Angling event a walleye opener
Written by Lexington Herald-Ledger   
Monday, 03 January 2005 02:37
Want to learn how to catch walleye from Lake Cumberland in just three days?

The 120 anglers who sign up to fish as amateur co-anglers when In-Fisherman's Professional Walleye Trail (PWT) makes a stop at Lake Cumberland, June 1-3, will get that opportunity.

"These anglers will fish with a different pro during each of the three days of the tournament," said Jim Kalkofen, PWT executive director. "They will learn how to fish for walleyes, what lures and fishing tactics work best, how to find walleyes with electronics, and how to control the boat for maximum success."

But the biggest advantage for Kentucky anglers might be that they get to do all this on a lake that's close to home and one they can fish regularly.

PWT's Pro-Am format, which pairs professional touring walleye anglers with local fishermen, is like fishing with a guide but with the added opportunity to win cash and prizes. The amateurs in the tournament fish against one another, and at the end of three days of fishing the top 40 amateurs (in total weight of walleyes caught) get gift certificates and prizes. The winning amateur takes home a fully rigged Lund boat valued at $17,000.

"We are taking entries now, and there are plenty of openings," Kalkofen said. "We would prefer that half of the field of 120 amateurs come from Kentucky."

The cost is $600 per person and includes boat, motor, fuel, fishing tackle, bait and three days of personal instruction. "Our pros are not only good fishermen, but they have good communication skills. That's critical," Kalkofen said. "We've seen some strong relationships develop over the years between these anglers."

Kalkofen said a recent survey of amateurs fishing PWT tournaments found that many of them wanted to make a career in the fishing industry, meet pro anglers, and fish in a tournament on their favorite lake. "Some of the things they wanted to learn from their pro partners were new techniques and presentations, walleye patterns, how to use a GPS (global positioning system) and how to read water and locate fish," Kalkofen said.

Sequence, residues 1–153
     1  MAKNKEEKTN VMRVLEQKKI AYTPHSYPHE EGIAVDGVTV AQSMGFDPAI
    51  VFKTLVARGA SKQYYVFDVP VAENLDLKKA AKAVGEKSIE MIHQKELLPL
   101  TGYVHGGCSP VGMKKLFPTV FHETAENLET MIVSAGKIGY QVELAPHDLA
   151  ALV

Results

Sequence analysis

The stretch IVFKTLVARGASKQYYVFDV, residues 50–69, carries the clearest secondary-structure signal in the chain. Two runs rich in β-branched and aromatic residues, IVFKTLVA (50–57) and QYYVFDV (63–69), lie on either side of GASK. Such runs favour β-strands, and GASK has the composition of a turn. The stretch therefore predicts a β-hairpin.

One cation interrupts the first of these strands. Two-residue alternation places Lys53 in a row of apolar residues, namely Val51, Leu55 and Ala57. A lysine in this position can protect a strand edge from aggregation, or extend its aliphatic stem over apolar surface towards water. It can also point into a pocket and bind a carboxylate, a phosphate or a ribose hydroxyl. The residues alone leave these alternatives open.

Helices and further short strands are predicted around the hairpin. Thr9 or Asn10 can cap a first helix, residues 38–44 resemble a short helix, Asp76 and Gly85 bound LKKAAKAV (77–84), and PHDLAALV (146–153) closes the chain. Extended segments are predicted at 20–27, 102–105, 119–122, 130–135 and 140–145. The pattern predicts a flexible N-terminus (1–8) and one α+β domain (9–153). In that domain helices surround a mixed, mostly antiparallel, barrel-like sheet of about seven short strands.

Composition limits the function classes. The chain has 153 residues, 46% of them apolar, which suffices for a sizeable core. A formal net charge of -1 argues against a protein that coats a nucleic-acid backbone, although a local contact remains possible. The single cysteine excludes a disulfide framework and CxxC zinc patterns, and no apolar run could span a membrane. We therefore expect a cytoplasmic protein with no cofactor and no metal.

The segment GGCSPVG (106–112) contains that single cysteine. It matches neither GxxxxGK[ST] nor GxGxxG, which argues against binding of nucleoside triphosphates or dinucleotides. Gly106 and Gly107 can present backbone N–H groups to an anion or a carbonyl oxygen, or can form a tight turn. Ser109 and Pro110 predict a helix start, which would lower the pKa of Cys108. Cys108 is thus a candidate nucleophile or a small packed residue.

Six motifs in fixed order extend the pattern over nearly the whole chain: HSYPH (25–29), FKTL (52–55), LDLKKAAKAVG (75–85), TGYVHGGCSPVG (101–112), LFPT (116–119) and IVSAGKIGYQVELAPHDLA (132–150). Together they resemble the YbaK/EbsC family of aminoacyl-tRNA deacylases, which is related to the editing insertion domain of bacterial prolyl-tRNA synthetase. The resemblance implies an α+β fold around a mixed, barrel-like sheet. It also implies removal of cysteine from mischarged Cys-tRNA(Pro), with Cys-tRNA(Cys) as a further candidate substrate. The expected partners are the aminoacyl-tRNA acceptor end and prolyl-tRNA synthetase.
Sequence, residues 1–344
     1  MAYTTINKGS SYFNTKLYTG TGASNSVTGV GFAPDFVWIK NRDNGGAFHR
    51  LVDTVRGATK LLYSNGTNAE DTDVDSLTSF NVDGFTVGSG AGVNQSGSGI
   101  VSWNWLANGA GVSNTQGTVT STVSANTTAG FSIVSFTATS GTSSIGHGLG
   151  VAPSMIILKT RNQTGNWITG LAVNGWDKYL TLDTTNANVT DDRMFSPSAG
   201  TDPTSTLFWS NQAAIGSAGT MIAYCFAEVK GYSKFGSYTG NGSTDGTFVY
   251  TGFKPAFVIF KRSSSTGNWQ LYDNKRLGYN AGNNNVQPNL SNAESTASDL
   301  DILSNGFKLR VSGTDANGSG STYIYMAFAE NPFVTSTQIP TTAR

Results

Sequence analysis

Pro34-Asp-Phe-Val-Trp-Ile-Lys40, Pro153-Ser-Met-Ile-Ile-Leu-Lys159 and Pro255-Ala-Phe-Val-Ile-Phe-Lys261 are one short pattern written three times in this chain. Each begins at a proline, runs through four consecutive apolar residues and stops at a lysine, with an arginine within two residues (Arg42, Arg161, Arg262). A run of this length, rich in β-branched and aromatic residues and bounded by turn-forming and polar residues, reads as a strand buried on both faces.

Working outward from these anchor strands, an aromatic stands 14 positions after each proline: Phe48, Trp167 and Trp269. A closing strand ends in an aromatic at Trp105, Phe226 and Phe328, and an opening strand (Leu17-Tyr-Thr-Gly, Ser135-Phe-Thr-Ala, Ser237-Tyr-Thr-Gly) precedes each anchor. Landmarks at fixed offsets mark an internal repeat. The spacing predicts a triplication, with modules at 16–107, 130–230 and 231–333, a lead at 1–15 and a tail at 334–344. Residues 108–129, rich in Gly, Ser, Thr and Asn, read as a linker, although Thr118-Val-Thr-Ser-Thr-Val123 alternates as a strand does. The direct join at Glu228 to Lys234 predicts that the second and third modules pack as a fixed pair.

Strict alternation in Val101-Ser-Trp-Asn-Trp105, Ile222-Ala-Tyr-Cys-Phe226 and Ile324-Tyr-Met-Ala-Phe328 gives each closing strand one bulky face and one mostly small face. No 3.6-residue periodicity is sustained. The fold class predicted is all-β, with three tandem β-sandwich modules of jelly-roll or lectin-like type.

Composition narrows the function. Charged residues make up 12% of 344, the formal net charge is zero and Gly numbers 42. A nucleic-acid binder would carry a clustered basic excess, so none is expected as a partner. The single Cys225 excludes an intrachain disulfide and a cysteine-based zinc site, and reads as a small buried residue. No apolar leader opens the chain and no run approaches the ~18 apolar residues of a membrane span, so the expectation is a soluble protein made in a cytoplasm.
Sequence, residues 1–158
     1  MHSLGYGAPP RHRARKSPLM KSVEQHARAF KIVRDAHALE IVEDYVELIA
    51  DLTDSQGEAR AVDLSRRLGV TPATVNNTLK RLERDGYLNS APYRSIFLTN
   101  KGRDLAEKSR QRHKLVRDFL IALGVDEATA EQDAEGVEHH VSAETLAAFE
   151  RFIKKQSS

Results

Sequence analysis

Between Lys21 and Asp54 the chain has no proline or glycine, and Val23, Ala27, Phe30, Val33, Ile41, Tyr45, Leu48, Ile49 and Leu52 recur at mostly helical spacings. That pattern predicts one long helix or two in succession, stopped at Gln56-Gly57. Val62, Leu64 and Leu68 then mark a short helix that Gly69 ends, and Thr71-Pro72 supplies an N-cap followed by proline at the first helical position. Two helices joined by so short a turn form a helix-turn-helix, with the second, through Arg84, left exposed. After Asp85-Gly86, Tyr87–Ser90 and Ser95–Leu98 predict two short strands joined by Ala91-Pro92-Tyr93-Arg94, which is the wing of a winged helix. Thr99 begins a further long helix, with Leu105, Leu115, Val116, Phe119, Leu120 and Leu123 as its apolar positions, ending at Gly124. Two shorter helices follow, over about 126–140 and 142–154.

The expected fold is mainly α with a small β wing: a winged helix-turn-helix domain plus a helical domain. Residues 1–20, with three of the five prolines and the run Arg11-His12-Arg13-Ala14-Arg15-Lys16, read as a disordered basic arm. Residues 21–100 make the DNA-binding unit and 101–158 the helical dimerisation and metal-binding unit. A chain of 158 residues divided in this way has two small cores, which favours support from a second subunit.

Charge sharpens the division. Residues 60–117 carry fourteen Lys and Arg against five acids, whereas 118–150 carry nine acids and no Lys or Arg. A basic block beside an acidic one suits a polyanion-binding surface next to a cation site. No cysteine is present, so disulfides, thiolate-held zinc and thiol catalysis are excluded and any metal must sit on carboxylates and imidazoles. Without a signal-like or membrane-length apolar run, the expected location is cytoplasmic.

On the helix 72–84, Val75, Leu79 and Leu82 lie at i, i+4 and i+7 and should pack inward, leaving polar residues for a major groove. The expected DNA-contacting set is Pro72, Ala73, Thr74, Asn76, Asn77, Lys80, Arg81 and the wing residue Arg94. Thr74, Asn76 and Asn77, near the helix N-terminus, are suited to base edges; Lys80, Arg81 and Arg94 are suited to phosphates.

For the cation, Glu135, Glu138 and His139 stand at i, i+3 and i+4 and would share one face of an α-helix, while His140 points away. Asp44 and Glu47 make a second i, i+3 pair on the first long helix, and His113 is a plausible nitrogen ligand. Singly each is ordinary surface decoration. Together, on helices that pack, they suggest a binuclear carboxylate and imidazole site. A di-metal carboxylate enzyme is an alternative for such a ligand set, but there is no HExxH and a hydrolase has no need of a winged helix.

In-Fisherman, a magazine, book, video and television network based in Brainerd, Minn., is the parent company of PWT and has conducted walleye tournaments throughout the United States the last 15 years. "During that time we've paid out $18 million in cash and prizes," Kalkofen said.

It's the first time PWT has ever held a tournament in Kentucky, but it's not the first time Lake Cumberland has hosted a professional walleye tournament. The now-defunct North American Walleye Anglers (NOWA) circuit held year-end championship tournaments on Lake Cumberland in 1995 and 1996.

The walleye tournament on Lake Cumberland, one of six PWT qualifying tournaments held in 2005, will be headquartered in Russell Springs on the lower end of the lake. Daily boat launches will be from Alligator II Marina (telephone 270-866-4410), and weigh-ins will be held at the Indian Hills KOA Campground on Ky. 1383, just up the hill from the marina.

Kalkofen said the Pro-Am format enables anglers with little or no walleye fishing experience to be competitive right away.

Consider what happened to Roger Hackman of Harrison, Ark., winner of last year's PWT tournament on Bull Shoals Lake, on the Arkansas/Missouri border. "These pros really showed me about fishing with live bait, and how patience and boat control can make a difference," said Hackman, a veteran of bass fishing tournaments. "The first walleye I ever caught was in a PWT tournament. These guys are as serious as any bass pro."

Under the tournament rules, the boat's total weight of walleye caught is the weight for the day, for both the pro and the amateur angler. "It's not only a fun way to fish, but the best opportunity to learn," Kalkofen said.How to enter

Since all the professional anglers who fish in PWT tournaments are invited, only amateur slots are open to the public.

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